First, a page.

It's closing in on 5 p.m. on a Thursday, and your coworkers announce they're all headed to the local bar for happy hour.
The idea sure sounds good. After long days in the office, buckling down to get projects completed and deadlines met, it can be nice to let loose and have a little fun. Social events at work (like a holiday party) can be a great way to get to know your colleagues better, and even form lasting bonds that extend outside of the office.
However, there is always the danger of letting go a bit too much.
The key, of course, is to avoid becoming the colleague who becomes infamous for being belligerent at the work social event. Make sure your name — and professional reputation — are known for more than just that. It's fair to say that you’ve never even considered this a possibility, as you would NEVER lose control at a work function or in front of your colleagues.
But the next day, you wake with a pounding headache and foggy memories of tequila shots. You're still half-dressed from the night before, makeup smeared. You don't remember everything, but you do know that you crossed the line (and may have even offended your co-workers during the course of the night).
When you've already crossed the line, what can you do to recover and repair your professional reputation? Here are some steps to take immediately following your faux pas:
Seek out the advice of a trusted friend. Your memories are hazy, and you're already embarrassed — ask for their guidance to avoid blowing the situation out of proportion. Perhaps you were a little sloppy, and even annoying — but that can be forgiven and forgotten. However, if you truly behaved very badly, then you have to own it; not acknowledging your mistake is not an option.
If your behavior was truly inappropriate, you'll want to explain the situation to her (whether she was present or not) so that she doesn't hear it secondhand. Sure, swallowing your pride and embarrassment is tough, but approaching your boss before she comes to you puts you in control of the conversation.
Plan ahead and request a formal meeting with her, and do so as soon as possible after the incident. The last thing you'd want is for your boss to use you as an example of what not to do if she finds out about your behavior from someone other than you.
It seems simple enough, but you have to express your remorse and apologize thoroughly. You must be sincere and genuine, or the apology will be a moot point. Don't make any excuses for your behavior and take full responsibility for your actions. Bonus points if you can explain a corrective action plan of your own on how to avoid this happening again in the future.
You could say, "[Boss's name], last night I drank too much and did not act as I should have at a company function. This will not happen again and I want to apologize for my behavior."
Be clear, concise and direct. Avoid drawing the conversation out too long, as it can only cause further embarrassment for all parties involved.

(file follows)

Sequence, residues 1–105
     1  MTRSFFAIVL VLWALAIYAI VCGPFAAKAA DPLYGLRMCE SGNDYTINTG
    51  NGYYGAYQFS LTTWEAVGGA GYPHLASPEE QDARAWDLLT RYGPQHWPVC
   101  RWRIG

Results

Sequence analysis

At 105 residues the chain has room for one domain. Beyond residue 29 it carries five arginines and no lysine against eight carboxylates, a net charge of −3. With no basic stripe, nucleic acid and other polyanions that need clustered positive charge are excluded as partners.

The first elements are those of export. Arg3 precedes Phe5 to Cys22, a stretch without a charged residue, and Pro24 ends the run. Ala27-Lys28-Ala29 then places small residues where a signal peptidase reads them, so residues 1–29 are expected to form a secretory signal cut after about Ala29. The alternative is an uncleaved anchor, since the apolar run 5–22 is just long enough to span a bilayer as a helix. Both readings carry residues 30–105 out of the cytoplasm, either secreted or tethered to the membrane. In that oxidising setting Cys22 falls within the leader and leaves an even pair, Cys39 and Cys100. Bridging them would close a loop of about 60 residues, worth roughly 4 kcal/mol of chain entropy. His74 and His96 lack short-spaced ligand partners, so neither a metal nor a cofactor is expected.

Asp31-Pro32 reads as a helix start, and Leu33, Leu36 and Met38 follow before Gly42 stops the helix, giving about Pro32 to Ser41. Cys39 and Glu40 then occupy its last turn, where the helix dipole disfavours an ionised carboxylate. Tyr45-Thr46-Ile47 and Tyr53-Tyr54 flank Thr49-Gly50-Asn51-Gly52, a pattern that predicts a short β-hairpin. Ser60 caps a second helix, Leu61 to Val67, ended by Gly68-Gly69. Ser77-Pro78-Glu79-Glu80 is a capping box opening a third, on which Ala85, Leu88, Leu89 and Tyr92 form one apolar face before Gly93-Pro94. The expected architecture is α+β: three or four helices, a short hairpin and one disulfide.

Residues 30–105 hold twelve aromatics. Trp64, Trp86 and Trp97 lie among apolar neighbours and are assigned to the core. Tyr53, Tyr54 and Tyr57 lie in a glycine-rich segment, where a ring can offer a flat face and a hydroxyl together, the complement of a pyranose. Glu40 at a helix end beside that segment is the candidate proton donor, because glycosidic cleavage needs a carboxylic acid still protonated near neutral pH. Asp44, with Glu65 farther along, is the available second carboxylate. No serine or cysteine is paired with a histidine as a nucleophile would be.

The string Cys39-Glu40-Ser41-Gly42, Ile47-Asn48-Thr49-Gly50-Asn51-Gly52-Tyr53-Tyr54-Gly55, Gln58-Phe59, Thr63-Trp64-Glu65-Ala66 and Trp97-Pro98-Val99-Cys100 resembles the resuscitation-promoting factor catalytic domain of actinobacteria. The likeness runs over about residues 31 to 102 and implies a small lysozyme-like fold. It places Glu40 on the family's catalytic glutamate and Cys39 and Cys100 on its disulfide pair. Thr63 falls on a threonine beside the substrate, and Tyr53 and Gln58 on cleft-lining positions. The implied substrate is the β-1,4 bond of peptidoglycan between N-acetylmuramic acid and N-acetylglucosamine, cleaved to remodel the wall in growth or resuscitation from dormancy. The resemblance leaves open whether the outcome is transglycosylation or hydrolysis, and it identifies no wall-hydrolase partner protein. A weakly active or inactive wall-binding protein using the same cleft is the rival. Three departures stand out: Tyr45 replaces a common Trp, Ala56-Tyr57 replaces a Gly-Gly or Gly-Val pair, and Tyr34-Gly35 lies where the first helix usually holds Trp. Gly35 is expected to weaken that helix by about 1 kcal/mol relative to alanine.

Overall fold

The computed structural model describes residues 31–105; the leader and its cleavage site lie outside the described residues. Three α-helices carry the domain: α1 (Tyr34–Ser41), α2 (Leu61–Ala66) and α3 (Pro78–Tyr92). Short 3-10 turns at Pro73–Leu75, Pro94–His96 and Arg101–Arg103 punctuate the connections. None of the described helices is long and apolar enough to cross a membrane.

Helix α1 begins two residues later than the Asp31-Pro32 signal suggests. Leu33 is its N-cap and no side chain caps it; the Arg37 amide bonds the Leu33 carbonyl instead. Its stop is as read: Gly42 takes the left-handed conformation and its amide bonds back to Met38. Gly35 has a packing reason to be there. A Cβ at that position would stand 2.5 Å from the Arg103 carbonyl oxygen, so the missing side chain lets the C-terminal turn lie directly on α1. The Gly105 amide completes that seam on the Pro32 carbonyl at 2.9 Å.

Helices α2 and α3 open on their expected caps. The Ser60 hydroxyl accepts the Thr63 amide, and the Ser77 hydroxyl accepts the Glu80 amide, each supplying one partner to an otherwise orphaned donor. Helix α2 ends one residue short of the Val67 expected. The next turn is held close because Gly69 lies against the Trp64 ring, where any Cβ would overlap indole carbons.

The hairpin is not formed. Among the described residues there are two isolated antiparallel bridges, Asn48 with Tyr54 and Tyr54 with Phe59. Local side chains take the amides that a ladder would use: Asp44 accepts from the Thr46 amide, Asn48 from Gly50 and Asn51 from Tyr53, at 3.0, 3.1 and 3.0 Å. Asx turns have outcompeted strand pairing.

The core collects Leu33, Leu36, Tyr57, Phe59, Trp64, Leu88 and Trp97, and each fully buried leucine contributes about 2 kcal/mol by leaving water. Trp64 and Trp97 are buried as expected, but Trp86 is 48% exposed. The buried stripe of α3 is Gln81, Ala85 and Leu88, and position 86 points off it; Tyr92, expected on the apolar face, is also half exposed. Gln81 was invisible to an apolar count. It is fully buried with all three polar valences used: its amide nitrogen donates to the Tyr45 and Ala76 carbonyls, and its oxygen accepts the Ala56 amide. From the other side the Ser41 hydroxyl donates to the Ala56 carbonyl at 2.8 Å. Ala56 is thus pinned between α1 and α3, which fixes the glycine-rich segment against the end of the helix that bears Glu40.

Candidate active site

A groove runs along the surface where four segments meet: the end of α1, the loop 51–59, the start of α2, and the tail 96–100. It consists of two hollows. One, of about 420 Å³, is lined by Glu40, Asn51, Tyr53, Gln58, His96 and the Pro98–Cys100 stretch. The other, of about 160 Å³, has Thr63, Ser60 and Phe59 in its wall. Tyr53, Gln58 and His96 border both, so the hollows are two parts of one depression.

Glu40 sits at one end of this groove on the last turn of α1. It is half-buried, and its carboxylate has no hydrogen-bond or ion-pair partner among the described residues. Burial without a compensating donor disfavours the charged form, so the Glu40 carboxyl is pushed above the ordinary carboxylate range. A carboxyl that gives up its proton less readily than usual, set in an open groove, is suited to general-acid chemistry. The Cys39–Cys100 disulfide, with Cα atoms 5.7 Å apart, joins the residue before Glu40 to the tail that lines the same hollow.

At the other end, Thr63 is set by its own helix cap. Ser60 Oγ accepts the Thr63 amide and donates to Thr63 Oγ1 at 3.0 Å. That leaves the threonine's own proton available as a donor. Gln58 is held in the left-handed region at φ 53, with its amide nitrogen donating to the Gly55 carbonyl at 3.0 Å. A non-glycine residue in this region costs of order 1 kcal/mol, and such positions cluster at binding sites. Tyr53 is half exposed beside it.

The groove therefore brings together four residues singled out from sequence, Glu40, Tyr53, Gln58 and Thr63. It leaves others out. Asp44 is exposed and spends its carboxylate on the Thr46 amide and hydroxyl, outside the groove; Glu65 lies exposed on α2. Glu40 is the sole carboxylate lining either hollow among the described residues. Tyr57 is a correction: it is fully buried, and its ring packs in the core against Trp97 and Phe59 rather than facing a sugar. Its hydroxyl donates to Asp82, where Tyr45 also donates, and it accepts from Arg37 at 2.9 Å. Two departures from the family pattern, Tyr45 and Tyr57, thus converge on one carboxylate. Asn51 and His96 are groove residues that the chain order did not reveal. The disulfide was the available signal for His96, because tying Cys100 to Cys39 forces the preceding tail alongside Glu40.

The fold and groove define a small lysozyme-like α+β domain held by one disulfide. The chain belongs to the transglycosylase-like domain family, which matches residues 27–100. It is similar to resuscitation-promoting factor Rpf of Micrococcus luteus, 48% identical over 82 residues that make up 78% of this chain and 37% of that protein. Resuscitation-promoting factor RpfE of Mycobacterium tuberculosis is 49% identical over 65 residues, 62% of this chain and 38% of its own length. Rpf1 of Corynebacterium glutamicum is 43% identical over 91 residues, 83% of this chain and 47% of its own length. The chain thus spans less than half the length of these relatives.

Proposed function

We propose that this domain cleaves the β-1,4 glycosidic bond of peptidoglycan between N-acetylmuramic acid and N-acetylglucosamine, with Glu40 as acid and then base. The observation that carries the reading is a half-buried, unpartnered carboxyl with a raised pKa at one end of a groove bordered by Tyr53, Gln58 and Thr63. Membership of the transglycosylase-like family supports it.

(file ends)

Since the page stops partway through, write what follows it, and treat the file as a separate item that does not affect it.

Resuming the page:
For example, if you were inappropriate, out-of-control, or just plain obnoxious, you could say, "Hey [insert coworker's name], I want to apologize for my actions last night. I made the mistake of drinking too much and I realize that my behavior wasn't appropriate for a work function. I hope you understand that this will not happen again and that I value you as a teammate/coworker."
Needless to say, you've taken a step backwards with your actions, and now need to put the full focus on your work performance. Be sure to bring your A game, and work hard at regaining the trust of your colleagues. Consider this to be your first 90 days on the job— all over again. Make sure you’re making the right impression this time.
Needless to say — do not drink at future functions for the very immediate future. And, if you do decide to drink, be sure to have that trusted work BFF alongside you to be sure you're toeing the line of what is appropriate, and what isn't. (Avoid the tequila, for sure.) One drink and done is usually a safe bet.
Keep in mind that even with heartfelt apologies, your boss and co-workers might not take too kindly to your apology.
Some employers have a zero-tolerance policy, and it's quite possible that your job may be on the line for your offense. If they do not immediately accept, apologize again and ask what you can do to make it right. No matter their response, plan to put in the work both professionally and personally to make up for your mistake.
It takes hard work and some time, but if you can sincerely apologize, redefine your reputation and show results — your drunken night will likely be viewed as a long-forgotten memory.
Karen Schneider works for bareMinerals in Global Packaging + Creative Services and has worked in a variety of industries over the span of her career, including digital media, fashion & apparel, and wine & spirits. She is currently a contributor to The Muse and Career Contessa and has been featured on Business Insider and Harvard Business Review for her career advice. She's obsessed with learning, life, and career/self-improvement.